In France the Chamber of Commerce is a committee of seven merchants, elected from the whole body of an assembly of merchants at the Exchange, who are called deputies. They are, in fact, a deputation of commerce, and as such they are the legal organ of the Exchange with the government. The Chamber of Commerce has members sitting, with a vote, on such public board as have anything to do with commerce, such as the Board of Navigation, of Customs and Excise, Post-office, Emigrant-office, and other administrations. They also recommend the appointment of foreign consuls. The Chamber of Commerce meets weekly at their rooms at the Exchange, and oftener if required.

The members retire annually by seniority of election. The senior member but one presides; the senior member sits on the president's right, and gives advice.

The Tribunal of Commerce generally names one of its members a Juge Commissaire, to preside over everything that takes place relative to bankruptcy. By the code, the whole jurisdiction in bankruptcy is vested in the Tribunals of Com. merce. According to the French law, there are two kinds of bankruptcy; there is the commercial bankruptcy, and some persons, otherwise subject to the civil courts, may become bankrupt; and there is the discomfiture, which goes before the civil tribunals. All those engaged in trade and licensed as traders, who fail to pay their debts, become bankrupt, and are subject to the Tribunal of Commerce.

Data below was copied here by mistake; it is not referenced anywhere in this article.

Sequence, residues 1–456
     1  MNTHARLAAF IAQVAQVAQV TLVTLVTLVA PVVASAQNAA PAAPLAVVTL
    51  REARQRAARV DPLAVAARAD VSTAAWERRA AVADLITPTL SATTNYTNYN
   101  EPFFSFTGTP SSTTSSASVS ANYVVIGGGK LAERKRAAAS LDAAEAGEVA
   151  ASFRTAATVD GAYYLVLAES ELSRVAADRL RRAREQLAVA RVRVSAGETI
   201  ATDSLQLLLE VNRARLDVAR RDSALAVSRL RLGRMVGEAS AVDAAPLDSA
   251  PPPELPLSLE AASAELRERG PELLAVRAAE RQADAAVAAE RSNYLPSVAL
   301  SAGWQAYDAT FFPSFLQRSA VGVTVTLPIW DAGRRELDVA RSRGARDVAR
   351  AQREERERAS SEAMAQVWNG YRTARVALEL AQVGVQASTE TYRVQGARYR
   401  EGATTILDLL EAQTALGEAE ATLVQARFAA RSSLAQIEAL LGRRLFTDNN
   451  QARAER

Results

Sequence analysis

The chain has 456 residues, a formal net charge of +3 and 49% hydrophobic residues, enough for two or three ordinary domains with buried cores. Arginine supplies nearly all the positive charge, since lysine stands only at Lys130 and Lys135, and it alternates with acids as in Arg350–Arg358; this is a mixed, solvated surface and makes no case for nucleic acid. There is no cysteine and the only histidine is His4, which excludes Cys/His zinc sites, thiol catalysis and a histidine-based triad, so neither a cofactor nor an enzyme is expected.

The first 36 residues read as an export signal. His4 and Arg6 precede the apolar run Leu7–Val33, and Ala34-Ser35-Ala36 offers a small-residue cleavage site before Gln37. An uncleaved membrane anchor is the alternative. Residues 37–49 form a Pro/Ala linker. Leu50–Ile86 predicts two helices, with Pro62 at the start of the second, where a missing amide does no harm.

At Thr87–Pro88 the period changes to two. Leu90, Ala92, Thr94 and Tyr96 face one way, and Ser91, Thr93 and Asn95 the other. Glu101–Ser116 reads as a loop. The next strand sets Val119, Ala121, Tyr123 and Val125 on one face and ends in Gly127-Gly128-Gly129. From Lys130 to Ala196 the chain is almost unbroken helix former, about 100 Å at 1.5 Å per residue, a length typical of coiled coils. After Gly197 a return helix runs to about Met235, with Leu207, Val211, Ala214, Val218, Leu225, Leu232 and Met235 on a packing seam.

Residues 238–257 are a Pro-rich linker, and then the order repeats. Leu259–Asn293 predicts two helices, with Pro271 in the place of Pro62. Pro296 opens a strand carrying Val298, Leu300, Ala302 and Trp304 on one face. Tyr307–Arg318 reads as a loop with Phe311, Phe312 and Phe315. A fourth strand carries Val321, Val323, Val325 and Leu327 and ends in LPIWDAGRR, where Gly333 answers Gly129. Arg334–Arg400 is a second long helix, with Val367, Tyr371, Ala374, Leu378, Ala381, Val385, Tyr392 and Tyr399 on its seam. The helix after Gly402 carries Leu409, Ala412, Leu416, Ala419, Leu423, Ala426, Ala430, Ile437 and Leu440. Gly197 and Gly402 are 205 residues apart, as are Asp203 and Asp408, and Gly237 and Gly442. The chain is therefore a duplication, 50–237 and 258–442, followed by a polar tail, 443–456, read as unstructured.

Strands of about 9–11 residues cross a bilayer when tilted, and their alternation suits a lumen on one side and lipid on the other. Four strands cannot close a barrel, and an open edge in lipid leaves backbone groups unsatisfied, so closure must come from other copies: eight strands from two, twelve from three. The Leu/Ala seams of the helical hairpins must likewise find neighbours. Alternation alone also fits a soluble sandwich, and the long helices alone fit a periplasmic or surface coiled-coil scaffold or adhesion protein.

The preliminaries of a suit before the French tribunals are performed by agrees, who are, in a legal class, attached to the tribunals, and somewhat similar to solicitors in this country. Sometimes, when the sum is very important, the parties have recourse to a barrister, and the barrister may plead ; but, according to law, the person who appears before the tribunal must have a power of attorney from the complainant or defendant.

At Bordeaux, the parties are sometimes referred by the tribunal to one of the judges, who, as arbitrator, generally effects a compromise between them. In Belgium there is compulsory arbitration respecting adjustments between partners. The tribunal refers them to arbitration. Voluntary arbitration, independently of the tribunal, is rarely resorted to. In France, however, it is very general. The practice generally is to make either the President of the Tribunal of Commerce, or the President of the Court Imperial, or sometimes another individual, nominate the third arbitrator if the parties cannot agree. In Hamburg, all contracts for grain bave on their backs a printed stipulation containing a clause of arbitration, in case of difference respecting quality or otherwise.

Of the whole number of disputes, more than one-half are thus settled. They are arranged, they are dropped, and the cases die a natural death. In 1857, there were in Hamburg 2,740 decisions, 132 appeals, and there were held 1,331 commissions, in which 1,074 cases were amicably settled.